In Uncategorized on 11/20/2013 at 21:05

Just signing a contract isn’t enough. That’s Judge Marvel’s word to VECO Corporation and Subsidiaries, 141 T. C. 14, filed 11/20/13.

VECO and its bushelbasketful of subsidiaries echo the Beach Boys’ 1964 hit: they get around. From Wyoming to Alaska to Colorado to Washington, VECO was busy with “oil and gas field services, newspaper publishing, manufacturing, construction, equipment rental, wholesale sales, leasing, and engineering.” 141 T. C. 14, at p. 5, and entered into numerous contracts in furtherance of all the foregoing, as the expensive lawyers say.

VECO’s tax problem? They want to shunt the tax incidents of their 2006 contracting into 2005. So VECO attaches to their 2005 return Form 3115, Application for Change in Accounting Method, for their 2005 tax year, requesting an accounting method change pursuant to Rev. Proc. 2005-9, 2005-1 C.B. 303.

Rev. Proc. 2005-9 provides an automatic change of accounting method for the second tax year following 2003, which just happens to be 2005. Except IRS says no.

VECO of course is an accrual basis taxpayer. So it’s “all events”, reasonably ascertainable amount, and economic performance.

Just signing a contract isn’t enough, though. Judge Marvel: “The execution of a contract contemplating payment, without more, is not an event that fixes the payor’s liability. See Spencer, White & Prentis v. Commissioner, 144 F.2d 45, 47 (2d Cir. 1944) (‘It is well settled that deductions may only be taken for the year in which the taxpayer’s liability to pay becomes definite and certain, even though the transactions (such as the contract in the present case) which occasioned the liability, may have taken place in an earlier year.’). In particular, where a contract ‘contains mutually dependent promises, liability under it is contingent upon performance or tendered performance’, and is not fixed by merely entering into the contract. Levin v. Commissioner, 219 F.2d 588, 589 (3d Cir. 1955), aff’g 21 T.C. 996 (1954); see also Gulf Oil Corp. v. Commissioner, 914 F.2d 396, 409 (3d Cir. 1990) (‘Unconditional liability under an executory contract is not created until at least one party performs.’), aff’g 86 T.C. 115 (1986).” 141 T. C. 14, at p. 37.

In simple English, an agreement that you’ll do this if I do that doesn’t establish liability for accrual purposes unless one of us does something.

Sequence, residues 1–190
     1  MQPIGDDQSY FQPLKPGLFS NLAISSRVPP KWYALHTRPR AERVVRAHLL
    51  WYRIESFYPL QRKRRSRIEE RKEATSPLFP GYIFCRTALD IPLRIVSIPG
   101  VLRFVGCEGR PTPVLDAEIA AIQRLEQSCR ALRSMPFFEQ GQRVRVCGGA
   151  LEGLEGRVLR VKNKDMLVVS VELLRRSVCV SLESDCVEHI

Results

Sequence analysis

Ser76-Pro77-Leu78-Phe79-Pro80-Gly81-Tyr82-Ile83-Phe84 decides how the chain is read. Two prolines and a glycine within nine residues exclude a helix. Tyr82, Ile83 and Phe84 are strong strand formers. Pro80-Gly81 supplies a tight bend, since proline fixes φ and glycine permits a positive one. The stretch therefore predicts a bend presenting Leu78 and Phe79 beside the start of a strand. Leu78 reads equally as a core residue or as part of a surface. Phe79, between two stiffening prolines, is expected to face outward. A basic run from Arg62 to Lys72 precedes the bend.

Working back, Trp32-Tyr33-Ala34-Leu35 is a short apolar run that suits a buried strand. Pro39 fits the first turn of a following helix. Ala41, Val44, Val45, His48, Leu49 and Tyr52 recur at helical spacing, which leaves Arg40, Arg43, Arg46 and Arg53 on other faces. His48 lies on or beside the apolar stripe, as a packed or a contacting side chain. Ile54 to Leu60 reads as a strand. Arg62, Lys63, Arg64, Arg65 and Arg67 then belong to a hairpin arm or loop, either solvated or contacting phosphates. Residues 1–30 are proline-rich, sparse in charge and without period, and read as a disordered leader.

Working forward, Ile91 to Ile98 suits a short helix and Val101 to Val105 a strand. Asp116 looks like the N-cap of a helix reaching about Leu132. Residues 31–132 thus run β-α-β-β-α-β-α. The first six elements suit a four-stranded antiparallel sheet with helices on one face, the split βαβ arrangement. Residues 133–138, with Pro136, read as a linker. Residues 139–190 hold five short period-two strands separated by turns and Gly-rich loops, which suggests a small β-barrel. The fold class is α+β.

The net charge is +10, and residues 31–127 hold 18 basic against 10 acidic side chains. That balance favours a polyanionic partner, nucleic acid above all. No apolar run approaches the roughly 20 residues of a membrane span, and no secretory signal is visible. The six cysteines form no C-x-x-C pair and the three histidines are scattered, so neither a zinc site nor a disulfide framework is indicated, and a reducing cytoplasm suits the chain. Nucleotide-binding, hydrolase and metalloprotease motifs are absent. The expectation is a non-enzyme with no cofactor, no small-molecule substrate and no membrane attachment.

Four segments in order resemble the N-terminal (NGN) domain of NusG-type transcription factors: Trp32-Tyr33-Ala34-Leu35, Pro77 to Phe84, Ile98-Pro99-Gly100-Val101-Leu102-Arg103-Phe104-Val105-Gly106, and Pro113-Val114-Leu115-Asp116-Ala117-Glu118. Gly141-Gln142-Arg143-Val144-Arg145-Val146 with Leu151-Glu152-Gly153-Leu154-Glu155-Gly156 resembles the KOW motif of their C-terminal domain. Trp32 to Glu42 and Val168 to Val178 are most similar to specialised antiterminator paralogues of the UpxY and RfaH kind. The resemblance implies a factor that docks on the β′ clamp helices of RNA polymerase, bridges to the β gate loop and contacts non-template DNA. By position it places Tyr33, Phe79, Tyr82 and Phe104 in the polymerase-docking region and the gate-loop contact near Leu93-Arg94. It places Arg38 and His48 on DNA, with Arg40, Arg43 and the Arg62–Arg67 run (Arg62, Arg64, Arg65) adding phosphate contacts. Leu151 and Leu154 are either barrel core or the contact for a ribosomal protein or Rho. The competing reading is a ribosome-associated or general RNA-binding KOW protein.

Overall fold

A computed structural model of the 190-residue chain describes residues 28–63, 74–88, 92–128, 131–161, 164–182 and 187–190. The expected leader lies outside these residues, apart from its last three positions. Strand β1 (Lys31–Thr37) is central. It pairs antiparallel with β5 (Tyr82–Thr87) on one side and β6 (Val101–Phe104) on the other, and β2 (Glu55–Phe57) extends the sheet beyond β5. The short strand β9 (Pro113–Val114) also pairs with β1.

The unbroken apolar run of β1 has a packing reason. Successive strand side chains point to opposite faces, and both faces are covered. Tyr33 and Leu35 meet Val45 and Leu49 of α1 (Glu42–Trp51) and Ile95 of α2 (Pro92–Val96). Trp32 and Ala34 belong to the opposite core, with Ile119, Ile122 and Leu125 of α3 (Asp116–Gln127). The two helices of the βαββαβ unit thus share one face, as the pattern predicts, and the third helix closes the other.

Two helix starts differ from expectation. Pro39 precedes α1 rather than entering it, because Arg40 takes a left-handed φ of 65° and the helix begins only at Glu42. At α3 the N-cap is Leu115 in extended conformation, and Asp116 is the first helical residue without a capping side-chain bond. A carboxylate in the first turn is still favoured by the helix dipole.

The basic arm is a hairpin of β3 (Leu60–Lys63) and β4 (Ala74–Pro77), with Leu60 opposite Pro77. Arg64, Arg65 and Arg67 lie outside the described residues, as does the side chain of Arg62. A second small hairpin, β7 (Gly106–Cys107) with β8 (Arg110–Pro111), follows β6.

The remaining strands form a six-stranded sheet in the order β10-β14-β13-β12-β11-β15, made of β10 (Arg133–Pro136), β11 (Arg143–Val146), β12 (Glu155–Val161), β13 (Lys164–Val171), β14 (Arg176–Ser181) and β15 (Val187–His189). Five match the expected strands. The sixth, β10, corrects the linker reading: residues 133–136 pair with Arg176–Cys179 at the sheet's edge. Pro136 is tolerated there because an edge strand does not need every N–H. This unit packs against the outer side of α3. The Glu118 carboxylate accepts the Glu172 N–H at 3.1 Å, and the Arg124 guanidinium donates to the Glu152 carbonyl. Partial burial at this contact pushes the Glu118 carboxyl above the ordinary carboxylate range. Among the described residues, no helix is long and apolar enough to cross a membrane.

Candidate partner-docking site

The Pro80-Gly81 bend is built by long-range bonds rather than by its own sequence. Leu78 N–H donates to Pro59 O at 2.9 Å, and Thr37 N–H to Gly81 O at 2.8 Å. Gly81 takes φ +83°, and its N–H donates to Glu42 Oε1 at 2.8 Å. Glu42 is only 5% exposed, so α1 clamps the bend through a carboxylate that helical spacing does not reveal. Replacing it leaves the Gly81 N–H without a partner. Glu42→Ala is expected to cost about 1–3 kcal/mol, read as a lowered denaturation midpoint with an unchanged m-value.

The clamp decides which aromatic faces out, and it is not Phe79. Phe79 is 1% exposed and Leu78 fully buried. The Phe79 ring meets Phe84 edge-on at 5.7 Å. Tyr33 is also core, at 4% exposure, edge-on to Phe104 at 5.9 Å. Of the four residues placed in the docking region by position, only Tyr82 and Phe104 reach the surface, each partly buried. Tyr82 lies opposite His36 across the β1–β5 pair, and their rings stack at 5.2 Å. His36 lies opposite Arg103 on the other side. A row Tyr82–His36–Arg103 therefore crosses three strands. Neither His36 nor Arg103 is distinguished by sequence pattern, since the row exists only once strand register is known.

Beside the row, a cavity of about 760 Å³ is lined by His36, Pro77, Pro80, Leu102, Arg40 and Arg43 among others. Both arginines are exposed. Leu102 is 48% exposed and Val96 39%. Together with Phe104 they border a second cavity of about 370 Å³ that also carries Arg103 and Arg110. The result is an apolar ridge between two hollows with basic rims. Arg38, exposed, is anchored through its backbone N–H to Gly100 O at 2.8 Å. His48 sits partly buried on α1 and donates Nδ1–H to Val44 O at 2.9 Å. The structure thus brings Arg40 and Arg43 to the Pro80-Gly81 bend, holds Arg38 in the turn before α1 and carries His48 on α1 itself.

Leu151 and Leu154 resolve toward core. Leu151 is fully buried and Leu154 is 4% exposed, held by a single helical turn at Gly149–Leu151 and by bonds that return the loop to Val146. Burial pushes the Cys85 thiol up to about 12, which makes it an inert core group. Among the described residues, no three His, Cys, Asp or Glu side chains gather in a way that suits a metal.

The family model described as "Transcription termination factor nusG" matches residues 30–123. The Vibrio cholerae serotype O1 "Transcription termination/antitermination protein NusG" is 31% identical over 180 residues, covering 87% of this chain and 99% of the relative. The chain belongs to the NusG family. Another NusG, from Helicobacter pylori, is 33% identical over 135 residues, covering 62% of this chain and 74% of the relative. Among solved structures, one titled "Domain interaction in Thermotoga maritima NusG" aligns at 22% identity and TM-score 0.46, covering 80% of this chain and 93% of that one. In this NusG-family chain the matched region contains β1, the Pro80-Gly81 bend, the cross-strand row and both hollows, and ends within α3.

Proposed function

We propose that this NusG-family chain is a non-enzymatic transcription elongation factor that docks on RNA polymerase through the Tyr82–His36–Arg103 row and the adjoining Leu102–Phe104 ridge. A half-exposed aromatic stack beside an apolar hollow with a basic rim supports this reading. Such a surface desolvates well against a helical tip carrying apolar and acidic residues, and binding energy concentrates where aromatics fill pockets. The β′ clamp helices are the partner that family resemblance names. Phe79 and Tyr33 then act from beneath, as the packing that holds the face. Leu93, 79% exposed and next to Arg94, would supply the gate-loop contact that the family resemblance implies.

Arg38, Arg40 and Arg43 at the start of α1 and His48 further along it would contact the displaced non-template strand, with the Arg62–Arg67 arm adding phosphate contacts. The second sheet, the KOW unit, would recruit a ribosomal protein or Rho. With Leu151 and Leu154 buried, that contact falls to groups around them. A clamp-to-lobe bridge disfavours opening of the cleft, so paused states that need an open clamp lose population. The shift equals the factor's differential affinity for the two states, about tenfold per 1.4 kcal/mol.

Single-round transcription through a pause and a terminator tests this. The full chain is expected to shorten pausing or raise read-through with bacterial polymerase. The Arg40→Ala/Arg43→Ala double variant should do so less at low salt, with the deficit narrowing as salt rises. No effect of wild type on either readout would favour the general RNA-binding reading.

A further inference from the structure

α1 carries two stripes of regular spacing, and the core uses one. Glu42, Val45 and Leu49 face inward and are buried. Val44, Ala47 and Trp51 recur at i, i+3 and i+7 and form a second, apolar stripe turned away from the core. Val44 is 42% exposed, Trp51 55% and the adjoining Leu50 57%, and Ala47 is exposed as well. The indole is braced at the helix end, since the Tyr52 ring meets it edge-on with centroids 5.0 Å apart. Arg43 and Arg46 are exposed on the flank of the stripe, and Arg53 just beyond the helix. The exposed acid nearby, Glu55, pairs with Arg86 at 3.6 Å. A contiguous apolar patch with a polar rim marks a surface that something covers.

And the three-and-a-half month test doesn’t help VECO. Forgot the three-and-a half-month test? See my blogpost “Drill, Baby, Drill”, 1/12/12. No way could the contemplated performances be completed within three-and-a-half months after the end of VECO’s tax year.

Finally, VECO wants the recurring item treatment. Now watch this closely:

“Under the recurring item exception, a taxpayer may treat an item as incurred during any taxable year if:

(i)            the all events test with respect to such item is met during such taxable year (determined without regard to * * * [section 461(h)(1)]),

(ii)            economic performance with respect to such item occurs within the shorter of–

(I)            a reasonable period after the close of such taxable year, or

(II)            8 1/2 months after the close of such taxable year,

(iii)            such item is recurring in nature and the taxpayer consistently treats items of such kind as incurred in the taxable year in which the requirements of clause (i) are met, and

(iv) either–

(I)            such item is not a material item, or

(II)            the accrual of such item in the taxable year in which the requirements of clause (i) are met results in a more proper match against income than accruing such item in the taxable year in which economic performance occurs.” 141 T. C. 14, at p. 53.

You can accrue a recurring item. But VECO can’t, because they flunk economic performance on a lot of their deductions, and materiality, as determined under GAAP, goes against them.

Here’s FASB’s take: materiality is “ ‘[t]he magnitude of an omission or misstatement of accounting information that, in the light of surrounding circumstances, makes it probable that the judgment of a reasonable person relying on the information would have been changed or influenced by the omission or misstatement.’ Statement of Financial Accounting Concepts No. 2, “Qualitative Characteristics of Accounting Information” (1980) (SFAC No. 2).” 141 T. C. 14, at p. 55, footnote 53.

Taishoff’s Rule of Footnotes: when there are almost as many footnotes as pages, or more footnotes than pages, someone is in trouble.

Of course, everything is material. VECO was inconsistent in reporting for financial and for tax purposes, and that makes whatever it is material, regardless of size.

I think I deserve at least a small kudo for not referring to Otis Blackwell’s fifth best song of 1956 and 92nd on the all-time list.

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